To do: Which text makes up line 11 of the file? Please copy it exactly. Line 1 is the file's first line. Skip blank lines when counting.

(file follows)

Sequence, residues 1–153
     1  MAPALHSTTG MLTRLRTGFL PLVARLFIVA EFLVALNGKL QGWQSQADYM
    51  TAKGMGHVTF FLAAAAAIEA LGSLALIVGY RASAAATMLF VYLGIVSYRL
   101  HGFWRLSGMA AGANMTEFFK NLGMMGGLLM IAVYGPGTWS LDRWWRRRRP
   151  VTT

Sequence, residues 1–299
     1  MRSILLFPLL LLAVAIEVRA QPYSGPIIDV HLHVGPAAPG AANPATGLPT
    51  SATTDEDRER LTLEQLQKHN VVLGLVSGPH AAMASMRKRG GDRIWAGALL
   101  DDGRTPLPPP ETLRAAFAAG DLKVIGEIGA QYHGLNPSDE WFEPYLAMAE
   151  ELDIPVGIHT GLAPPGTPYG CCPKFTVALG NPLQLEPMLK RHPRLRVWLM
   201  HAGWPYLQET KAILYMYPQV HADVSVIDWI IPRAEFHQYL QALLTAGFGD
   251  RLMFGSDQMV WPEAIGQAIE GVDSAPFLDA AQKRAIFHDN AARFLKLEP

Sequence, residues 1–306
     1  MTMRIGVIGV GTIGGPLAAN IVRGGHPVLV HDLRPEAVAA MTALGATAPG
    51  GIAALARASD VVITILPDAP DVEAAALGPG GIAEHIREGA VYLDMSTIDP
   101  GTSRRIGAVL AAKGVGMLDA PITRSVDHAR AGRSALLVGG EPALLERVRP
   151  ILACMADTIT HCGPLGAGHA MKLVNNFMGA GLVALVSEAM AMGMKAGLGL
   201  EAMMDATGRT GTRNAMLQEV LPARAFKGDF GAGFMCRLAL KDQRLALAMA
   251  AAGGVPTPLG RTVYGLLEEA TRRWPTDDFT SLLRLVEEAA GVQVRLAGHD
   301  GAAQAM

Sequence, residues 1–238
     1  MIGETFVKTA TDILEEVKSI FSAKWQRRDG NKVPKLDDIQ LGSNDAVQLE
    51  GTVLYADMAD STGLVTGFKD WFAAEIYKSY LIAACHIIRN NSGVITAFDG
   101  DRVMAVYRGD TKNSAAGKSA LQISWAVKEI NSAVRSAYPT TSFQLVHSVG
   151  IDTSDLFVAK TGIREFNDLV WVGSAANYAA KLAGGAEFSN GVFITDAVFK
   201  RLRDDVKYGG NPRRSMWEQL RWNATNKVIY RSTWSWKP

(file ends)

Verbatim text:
   201  HAGWPYLQET KAILYMYPQV HADVSVIDWI IPRAEFHQYL QALLTAGFGD